21 February 2021 | Toau Atoll
23 January 2019 | Rotoava
06 January 2019 | Fakarava
14 October 2018 | Papeete, Tahiti
19 August 2018 | 16 06.30'S:142 22.78'W, Rarioa, French Polynesia
30 July 2018 | 16 06.30'S:142 22.78'W, Nuku Hiva
25 May 2018 | 08 54.93'S:140 05.9'W, Nuku Hiva
07 May 2018 | 08 54.93'S:140 05.9'W, Arrived; Nuku Hiva
Update June 12, 2021 Moorea, FP
12 June 2021
So, as I mentioned in the previous post, we were planning on upgrading our batteries to Lithium. Well, the batteries arrived by Ocean shipping as well as a few other items to mount the new 340-watt solar panels. We headed over to the "working dock" at Marina Taina (our home most of last year...) and the new batteries were delivered to the boat around 1 PM. After loading them on the boat (a 400-amp hour pack is not light BUT, it is a LOT lighter that the old AGM batteries!) I was able to carry each battery on board and down the stairs.
The next step prior to installing is that we needed to "parallel" each pack. Step 1 was to charge each pack to 100%. They were at about 30% SOC (state of charge) so we had to put about 280 amps into each "pack", one at a time. With our 60-amp charger (we have a 100-amp charger as well but it runs on 115 VAC, aka; North American voltage OR our generator. Our 60-amp charger that we bought a few years ago takes anywhere from 95 to 250 volts input and either 50 or 60 hz. So, since we could plug in to the 230 volts at the marina, we used it.) It took about 4 ½ hours for each battery. We finally finished at abut 3 AM. (we did sleep while waiting...) Sometime during the charging of the Lithium's I found time to re-program the other battery chargers including the 100 amp, the solar charges and monitor to the new Lithium settings.
The instructions then had us parallel the two battery packs under "controlled conditions" so as to NOT zap the new batteries. We had charged to within the prescribed "0.2 volt" difference in each pack's voltage and now we had to connect them together with a wire of "suitable resistance" of 0.004 Ohms to keep the paralleling from happing too quickly and causing damage to the Lithium cells. (the zapping I mentioned).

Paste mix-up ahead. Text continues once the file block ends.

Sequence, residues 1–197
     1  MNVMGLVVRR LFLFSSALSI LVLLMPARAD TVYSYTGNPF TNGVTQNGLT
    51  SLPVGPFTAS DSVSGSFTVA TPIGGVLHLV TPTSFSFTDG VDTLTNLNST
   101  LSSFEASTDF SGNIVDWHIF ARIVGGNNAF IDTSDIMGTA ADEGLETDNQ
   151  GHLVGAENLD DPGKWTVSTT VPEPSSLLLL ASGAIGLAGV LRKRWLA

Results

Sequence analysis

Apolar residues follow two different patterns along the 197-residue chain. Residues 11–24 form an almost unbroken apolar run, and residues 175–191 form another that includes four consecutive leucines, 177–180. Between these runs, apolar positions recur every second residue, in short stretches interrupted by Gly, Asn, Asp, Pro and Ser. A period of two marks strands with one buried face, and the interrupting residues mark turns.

Well, I am sure we all know how to do that! After a bit of research (previously done) I knew that 4 feet of 10 AWG wire has exactly 0.004 Ohms of resistance. We connect the 2 battery packs and watched the electrons flow as they equalized. Ok, not really but each pack does have its' own battery monitor gauge and we watched and waited for them to be exactly the same voltage. It took about 30 minutes instead of being almost instantaneous if we had used a normal sized battery cable.
Now was the most difficult part of the whole job, removing the old AGM batteries. We had waited until we had everything ready and then turned off the ships power (read: fridge and freezer + other stuff) at 0800 and started. First was to remove all of the old battery cables (a bunch of them; we had 4 batteries wired together in parallel). That was easy. Then just remove the old batteries, 4 of them; not so easy. They were in a fiberglass box with the handles tuck neatly inside. Neat enough that we could not use them. The first battery was the most difficult, it took about an hour; yes, an hour, to just get it out of the box. That included attaching lines to the battery posts and then threading another line through the other side. Each of these old AGMs is 152 pounds or 69 kgs.
The second and third battery were easier but we still need to tie lines under each one to lift it. The fourth we were able to turn and use the handles to just lift (152 pounds) out.
Now we had to get 608 pounds of batteries off the boat...
Well, that morning I had bumped into Adrian on the dock. Adrian is the guy that looked after Hedonism when we were home last time for 5 months. I asked him if he wanted the batteries. He did not but he knew someone who did. How much $$$? Free, but the caveat was "you want them, you come and get them"! Within an hour the new potential battery owner showed up. I explained the "deal". We wasn't in stellar shape but was off in a flash to recruit "young guys" to carry them. Mission accomplished and my back was saved!
Once the batteries were off the boat we quickly installed and connected the new Lithium battery packs.
At precisely 1300 we turned the power back on and we were underway back to the anchorage by 1600 and very importantly, 430 pounds lighter!
So, except for putting the boat back together, the main part of that project was complete. Our new 800 amp/hour battery bank was installed and while the previous AGM batteries were 840 Amp/hours, we now have closer to 600 amps of useable energy. But; you need to feed them.